Dixon v. Pennell
NOT RECOMMENDED FOR FULL-TEXT PUBLICATION File Name: 06a0378n.06 Filed: May 30, 2006 02-2210 UNITED STATES COURT OF APPEALS FOR THE SIXTH CIRCUIT
TERRY DIXON, Petitioner-Appellant, v. GEORGE PENNELL, Warden, and BILL MARTIN, Director, Michigan Department of Corrections, Respondents-Appellees.
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ON APPEAL FROM THE UNITED STATES DISTRICT COURT FOR THE EASTERN DISTRICT OF MICHIGAN
Before: KEITH, MERRITT, and DAUGHTREY, Circuit Judges.
The petitioner, Terry Dixon, is an inmate in the custody of the
Michigan Department of Corrections, serving a life sentence without possibility of parole following his 1993 convictions for first-degree murder, conspiracy to murder, possession of a firearm during the commission of a felony, and obstruction of justice. After exhausting his appeals and post-conviction remedies in state court, he filed a petition for a writ of habeas corpus in federal district court, pursuant to 28 U.S.C. § 2254. In his habeas petition, Dixon claimed that his right to confrontation had been violated when testimony given by the murder victim before her death was read into the record; that the state prosecutor was guilty of misconduct at trial; that the trial judge was equally guilty of misconduct, reflecting bias against against Dixon; that the trial judge permitted the introduction of certain inadmissible
02-2210 Dixon v. Pennell evidence and the improper bolstering of a state's witness; that the petitioner had received ineffective assistance of counsel at trial and on direct appeal; and that the cumulated effect of all these errors deprived him of a fair trial.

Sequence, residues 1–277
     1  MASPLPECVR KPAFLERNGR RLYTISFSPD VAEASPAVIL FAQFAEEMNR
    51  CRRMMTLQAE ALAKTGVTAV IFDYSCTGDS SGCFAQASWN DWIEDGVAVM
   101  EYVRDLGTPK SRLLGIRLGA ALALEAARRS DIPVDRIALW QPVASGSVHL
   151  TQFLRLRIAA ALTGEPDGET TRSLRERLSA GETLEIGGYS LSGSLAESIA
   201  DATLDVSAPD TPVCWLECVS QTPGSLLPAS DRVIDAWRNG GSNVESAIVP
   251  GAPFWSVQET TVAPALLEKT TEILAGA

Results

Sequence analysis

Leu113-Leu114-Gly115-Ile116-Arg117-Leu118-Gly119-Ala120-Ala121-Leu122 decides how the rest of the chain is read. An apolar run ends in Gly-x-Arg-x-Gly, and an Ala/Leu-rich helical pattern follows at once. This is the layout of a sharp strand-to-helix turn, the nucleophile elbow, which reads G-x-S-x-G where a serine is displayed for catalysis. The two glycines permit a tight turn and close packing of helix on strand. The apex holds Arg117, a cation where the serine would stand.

The district court denied relief on all claims. Initially, the court determined that many of the claims were procedurally defaulted, either because the petitioner had not raised them on direct appeal or because he had not complied with the Michigan contemporaneous objection rule. As to each instance of procedural default, the court found that the petitioner had failed to show the necessary "cause and prejudice" required to overcome such default. Moreover, the district court rejected Dixon's claim of ineffective assistance of counsel both substantively and as a show of cause for the default of other claims. Finally, the court ruled that the non-defaulted claims alleged errors that either constituted harmless error or were without merit under the applicable standards of the Antiterrorism and Effective Death Penalty Act, 28 U.S.C. § 2254(d) (AEDPA).
The petitioner filed a notice of appeal, and the district court issued a certificate of appealability as to all of the petitioner's claims except three alleged incidents of prosecutorial misconduct. We twice dismissed the petitioner's appeal for lack of prosecution, but reinstated it both times. It is now before us for resolution.
We review de novo the decision of a district court to grant or deny a writ of habeas corpus. Ruimveld v. Birkett, 404 F.3d 1006, 1010 (6th Cir. 2005). The district court's
factual findings are reviewed for clear error, except where the court has made factual -2-